Olympic Results 2012: Best Performances from Day 15 of the London Games

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Olympic Results 2012: Best Performances from Day 15 of the London Games
Michael Steele/Getty Images

There were several marquee performances from Day 15 of the 2012 London Olympics. World records were set and other events ended in stunning surprise.

At the same time, some events played out as planned.

Let’s take a look at the best and most impressive performances from the second-to-last day of the 2012 Olympics.

Jamaica: Men’s 4x100-Meter Gold Medal Run

The Jamaican men’s 4x100-meter team set the world record in the relay event Saturday evening. Their time, 36.84 seconds, destroyed the previous world record by two-tenths of a second.

In a sport of inches, that is a significant achievement for the Jamaicans.


That was the United States coming in just behind the blazing fast Usain Bolt of Jamaica.

The U.S. earned themselves the silver medal, tying the old world record but falling short to the new record that was set right in front of them. They even made it interesting until Bolt took the baton and ran away with the new world record.

USA: Women’s 86-50 Basketball Gold-Medal Victory

Phil Walter/Getty Images

The U.S. women had the advantage in every game they played until they met another undefeated team in France, with the gold medal on the line. At least that’s what some thought.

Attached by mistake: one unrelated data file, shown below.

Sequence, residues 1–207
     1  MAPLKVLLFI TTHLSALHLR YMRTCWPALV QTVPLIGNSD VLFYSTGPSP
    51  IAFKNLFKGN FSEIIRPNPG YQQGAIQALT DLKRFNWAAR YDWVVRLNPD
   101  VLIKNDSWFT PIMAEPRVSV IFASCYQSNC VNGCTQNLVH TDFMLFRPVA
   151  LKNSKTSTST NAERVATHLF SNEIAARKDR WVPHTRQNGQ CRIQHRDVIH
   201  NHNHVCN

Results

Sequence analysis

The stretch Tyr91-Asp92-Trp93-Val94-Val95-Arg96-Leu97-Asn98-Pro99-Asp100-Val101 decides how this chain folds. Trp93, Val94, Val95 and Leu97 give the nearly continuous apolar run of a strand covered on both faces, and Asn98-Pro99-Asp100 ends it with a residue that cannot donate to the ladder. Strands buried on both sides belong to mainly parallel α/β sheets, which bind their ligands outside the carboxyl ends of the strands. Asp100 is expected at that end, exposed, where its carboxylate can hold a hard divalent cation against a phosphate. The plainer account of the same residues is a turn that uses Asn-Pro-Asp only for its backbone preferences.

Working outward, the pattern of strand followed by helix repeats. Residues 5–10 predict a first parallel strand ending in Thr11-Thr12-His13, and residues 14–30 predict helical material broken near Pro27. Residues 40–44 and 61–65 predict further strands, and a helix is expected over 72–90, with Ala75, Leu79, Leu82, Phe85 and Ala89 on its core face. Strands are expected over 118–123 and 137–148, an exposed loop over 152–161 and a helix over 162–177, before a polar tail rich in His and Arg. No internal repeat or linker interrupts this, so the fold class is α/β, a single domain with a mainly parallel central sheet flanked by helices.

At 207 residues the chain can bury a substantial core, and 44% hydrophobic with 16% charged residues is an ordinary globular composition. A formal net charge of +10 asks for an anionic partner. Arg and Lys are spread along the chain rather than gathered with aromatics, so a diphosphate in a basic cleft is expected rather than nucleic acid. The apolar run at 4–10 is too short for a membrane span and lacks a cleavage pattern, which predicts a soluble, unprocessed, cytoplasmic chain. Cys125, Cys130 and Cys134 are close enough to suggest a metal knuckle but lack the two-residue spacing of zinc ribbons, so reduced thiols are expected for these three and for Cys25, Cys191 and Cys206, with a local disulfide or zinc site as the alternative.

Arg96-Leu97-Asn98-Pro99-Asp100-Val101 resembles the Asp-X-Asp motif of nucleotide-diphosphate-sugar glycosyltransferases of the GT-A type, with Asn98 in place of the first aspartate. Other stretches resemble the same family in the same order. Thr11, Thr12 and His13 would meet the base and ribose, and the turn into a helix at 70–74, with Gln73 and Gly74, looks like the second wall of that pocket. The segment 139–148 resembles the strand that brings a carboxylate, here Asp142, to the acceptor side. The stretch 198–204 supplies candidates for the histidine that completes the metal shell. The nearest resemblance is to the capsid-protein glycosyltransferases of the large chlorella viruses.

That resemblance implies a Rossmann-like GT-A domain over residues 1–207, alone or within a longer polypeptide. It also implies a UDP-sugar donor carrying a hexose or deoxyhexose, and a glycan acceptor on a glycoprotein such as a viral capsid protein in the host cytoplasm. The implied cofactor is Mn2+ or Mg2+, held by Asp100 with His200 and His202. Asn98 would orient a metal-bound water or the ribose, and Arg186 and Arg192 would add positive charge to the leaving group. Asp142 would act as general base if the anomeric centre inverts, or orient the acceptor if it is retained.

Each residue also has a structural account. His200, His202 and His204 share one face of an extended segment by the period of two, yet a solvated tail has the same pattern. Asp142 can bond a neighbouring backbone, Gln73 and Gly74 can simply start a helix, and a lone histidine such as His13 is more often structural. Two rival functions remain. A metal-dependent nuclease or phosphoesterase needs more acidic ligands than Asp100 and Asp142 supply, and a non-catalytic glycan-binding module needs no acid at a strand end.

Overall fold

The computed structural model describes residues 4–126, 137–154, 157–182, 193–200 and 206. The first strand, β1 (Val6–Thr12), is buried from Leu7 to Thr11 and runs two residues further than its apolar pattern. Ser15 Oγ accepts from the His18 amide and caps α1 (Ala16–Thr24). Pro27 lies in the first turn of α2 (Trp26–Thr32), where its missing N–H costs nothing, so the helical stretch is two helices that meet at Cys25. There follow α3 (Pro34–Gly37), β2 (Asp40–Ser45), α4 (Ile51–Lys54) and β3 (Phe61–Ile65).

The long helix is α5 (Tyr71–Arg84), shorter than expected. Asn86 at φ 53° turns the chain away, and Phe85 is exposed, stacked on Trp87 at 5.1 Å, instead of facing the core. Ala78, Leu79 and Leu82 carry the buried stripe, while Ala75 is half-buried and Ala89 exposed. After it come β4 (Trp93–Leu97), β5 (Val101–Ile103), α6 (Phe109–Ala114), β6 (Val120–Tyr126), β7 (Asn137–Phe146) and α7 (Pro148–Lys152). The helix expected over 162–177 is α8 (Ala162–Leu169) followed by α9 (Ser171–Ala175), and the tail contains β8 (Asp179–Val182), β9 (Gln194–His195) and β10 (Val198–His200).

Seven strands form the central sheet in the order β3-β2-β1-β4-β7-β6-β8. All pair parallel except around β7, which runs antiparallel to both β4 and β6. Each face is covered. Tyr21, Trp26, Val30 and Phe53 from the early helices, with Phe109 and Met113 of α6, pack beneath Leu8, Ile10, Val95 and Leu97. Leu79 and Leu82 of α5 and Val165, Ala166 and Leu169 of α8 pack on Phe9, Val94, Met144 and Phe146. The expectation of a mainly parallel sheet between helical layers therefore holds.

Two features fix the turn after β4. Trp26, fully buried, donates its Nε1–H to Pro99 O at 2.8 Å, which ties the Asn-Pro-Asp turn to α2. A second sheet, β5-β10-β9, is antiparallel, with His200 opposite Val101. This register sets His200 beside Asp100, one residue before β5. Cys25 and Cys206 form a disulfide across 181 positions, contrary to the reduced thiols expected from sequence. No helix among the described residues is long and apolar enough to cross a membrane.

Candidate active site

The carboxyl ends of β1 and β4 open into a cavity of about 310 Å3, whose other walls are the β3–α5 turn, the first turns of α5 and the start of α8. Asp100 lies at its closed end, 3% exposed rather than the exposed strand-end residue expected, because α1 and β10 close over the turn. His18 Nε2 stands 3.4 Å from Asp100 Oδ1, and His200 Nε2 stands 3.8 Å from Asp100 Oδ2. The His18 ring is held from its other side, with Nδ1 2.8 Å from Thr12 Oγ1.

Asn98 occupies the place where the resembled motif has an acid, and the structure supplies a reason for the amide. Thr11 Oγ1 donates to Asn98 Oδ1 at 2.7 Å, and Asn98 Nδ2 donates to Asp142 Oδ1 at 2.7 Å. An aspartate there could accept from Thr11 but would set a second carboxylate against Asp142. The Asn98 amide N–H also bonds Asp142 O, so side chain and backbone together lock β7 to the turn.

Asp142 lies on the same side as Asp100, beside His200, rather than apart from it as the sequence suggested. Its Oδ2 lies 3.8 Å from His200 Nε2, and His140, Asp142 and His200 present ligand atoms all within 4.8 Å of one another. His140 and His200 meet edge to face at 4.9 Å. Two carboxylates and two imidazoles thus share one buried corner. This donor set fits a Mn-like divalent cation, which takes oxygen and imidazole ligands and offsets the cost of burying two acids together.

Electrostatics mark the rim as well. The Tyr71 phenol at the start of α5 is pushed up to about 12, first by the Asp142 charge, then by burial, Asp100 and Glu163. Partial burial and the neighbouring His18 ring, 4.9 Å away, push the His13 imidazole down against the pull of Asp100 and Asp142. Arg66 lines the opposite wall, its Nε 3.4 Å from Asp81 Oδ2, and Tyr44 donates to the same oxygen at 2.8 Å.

France posed little challenge and the Americans dispatched them easily to record their 41st straight Olympic-play victory and fifth consecutive gold medal.

This was truly a dominant end to an impressive summer for the U.S. women.

Clive Brunskill/Getty Images

Russia: Overall Track and Field Performance

The Russians exuded overall dominance of the track and field events on Saturday. While they didn’t win the higher-profile team relays, they racked up the most medals for the day, winning four golds, two silvers and two bronze on Day 9 of the track events.

Clive Rose/Getty Images

USA: Men’s 10-Meter Platform Diving

David Boudia shocked the world and defeated the defending world champion, Bo Qui of China, to claim the gold medal for the United States.

Going into the final dive, Boudia and Bo Qui trailed Tom Daley of Great Britain, but they both surpassed him with gutsy and clutch dives.

It was Boudia, though, who stole the show and took home the gold for America.

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